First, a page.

By Toni Clarke
WASHINGTON Jan 14 The U.S. Food and Drug
Administration appears skeptical that data submitted by Johnson
& Johnson proves its anticoagulant Xarelto is effective
in reducing the risk of further heart problems in patients who
have recently suffered a heart attack.
The agency questioned the way in which J&J analyzed clinical
trial data, and said there was no convincing proof the drug
confers significant benefit or fills an unmet medical need,
given that there are other therapies on the market.
The review was posted on the FDA's website on Tuesday, two
days ahead of a meeting of outside experts who will discuss the
drug, also known as rivaroxaban, and recommend whether it should
Xarelto is already used to treat and prevent deep vein
thrombosis and pulmonary embolisms and to reduce the risk of
stroke and blood clots in patients with an irregular heart beat
that is not caused by heart problems.
Now the company is hoping it will also be approved for
patients with acute coronary syndrome (ACS), an umbrella term
covering any condition brought on by a sudden, reduced blood
flow to the heart, including heart attack and chest pain.
Some analysts are doubtful.
"Based on our review of this material, we continue to have
low expectation of approval," Larry Biegelsen, an analyst at
Wells Fargo Securities, said in a research note. However, he
expects sales of the drug to rise to $1.2 billion in 2015 from
an estimated $703 million in 2013 based on the indications for
which it is approved.
"We expect the ACS potential to be modest even if approved,"
J&J originally filed for approval of Xarelto in ACS at the
end of 2011. The FDA rejected the application, saying efficacy
data was not strong enough to support approval. The company
provided additional information but the FDA once again declined
to approve the drug, prompting J&J to appeal the decision.
The FDA denied the appeal but said limiting the duration of
use to one month might be a pathway forward because efficacy was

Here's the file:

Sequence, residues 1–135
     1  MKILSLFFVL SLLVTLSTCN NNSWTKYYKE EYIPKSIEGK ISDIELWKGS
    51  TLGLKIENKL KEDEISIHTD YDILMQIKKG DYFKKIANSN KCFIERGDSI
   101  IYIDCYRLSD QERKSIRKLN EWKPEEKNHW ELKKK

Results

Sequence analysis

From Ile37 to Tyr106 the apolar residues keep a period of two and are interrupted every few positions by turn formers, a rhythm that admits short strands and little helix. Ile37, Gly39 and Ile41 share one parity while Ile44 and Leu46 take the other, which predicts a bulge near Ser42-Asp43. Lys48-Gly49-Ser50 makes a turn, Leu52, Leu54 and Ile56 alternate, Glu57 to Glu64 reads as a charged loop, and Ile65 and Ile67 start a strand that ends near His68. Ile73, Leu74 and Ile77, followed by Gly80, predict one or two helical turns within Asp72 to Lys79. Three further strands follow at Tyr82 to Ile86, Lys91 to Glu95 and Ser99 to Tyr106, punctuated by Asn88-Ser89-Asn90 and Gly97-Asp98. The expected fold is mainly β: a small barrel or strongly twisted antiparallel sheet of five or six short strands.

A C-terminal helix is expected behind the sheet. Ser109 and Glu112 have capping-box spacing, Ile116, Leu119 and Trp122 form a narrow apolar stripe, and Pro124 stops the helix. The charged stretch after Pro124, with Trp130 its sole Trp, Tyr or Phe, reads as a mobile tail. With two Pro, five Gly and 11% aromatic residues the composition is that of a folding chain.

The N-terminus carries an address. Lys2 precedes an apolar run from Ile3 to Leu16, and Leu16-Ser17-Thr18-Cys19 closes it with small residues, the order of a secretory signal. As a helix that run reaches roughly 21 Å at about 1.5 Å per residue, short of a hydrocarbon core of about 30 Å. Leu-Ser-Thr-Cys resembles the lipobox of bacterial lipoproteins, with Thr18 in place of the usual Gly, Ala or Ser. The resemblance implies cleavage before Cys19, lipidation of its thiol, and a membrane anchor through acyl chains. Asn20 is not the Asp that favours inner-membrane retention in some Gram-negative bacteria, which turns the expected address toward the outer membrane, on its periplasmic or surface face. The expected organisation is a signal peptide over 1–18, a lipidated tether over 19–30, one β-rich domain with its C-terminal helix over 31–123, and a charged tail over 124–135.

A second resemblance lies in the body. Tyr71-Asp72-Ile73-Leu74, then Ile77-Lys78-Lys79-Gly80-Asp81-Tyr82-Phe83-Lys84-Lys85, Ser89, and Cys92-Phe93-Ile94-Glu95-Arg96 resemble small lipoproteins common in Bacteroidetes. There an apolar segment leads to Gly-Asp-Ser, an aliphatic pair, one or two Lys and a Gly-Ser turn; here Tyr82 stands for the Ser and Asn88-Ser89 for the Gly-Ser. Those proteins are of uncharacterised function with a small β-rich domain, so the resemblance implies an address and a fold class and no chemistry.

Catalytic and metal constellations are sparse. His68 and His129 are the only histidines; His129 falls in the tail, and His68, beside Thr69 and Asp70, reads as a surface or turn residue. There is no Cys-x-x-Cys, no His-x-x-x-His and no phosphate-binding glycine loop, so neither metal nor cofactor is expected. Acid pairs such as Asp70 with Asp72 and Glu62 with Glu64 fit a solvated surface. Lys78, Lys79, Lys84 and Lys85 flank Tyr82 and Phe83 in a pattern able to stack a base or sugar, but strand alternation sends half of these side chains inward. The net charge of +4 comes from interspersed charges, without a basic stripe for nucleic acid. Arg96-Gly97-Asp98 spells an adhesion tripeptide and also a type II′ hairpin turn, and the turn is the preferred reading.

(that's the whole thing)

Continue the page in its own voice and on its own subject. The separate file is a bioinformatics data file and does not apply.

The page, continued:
more evident and the risk of bleeding, a side effect of the
drug, was lower during this period. J&J filed a new application
seeking a treatment duration of 90 days.
The FDA's latest review suggests the agency remains
"It is unclear how to choose the metric for determining when
the benefit of rivaroxaban is greatest," the review found. "Not
only does the effect of rivaroxaban not appear to be greater
earlier, but an effect in the first 90 days or so is not
apparent at all."
Dr. Paul Burton, vice president of clinical development at
Janssen Research and Development, a J&J unit, defended the drug,
saying the company believes that when added to standard
treatments it "delivers a strong incremental benefit by
significantly reducing the risk of cardiovascular events,
including death, at a time when patients are at the highest
The FDA's review also questioned whether the benefit of the
drug outweighs the heightened risk of bleeding since two other
drugs, Eli Lilly & Co's Effient and AstraZeneca
Plc's Brilinta, are currently approved for ACS.
J&J's proposed prescribing information would warn that
treatment in combination with the Effient, known also as
prasugrel, and Brilinta, also known as ticagrelor, has not been
studied and is not recommended because of the risk of bleeding.
Xarelto would therefore only be available as an add-on to
Bristol-Myers Squibb Co's antiplatelet Plavix, or
"There are no data demonstrating that ACS patients treated
with clopidogrel plus rivaroxaban will have superior outcomes
compared to treatment with prasugrel or ticagrelor," the review
said. "So rivaroxaban does not provide therapy for an unmet
And while treatment for a limited duration "has an intuitive
appeal," the review said, "the task for the analyses of the
effect of rivaroxaban over time is not to pick a time period in
which the benefit-risk is acceptable."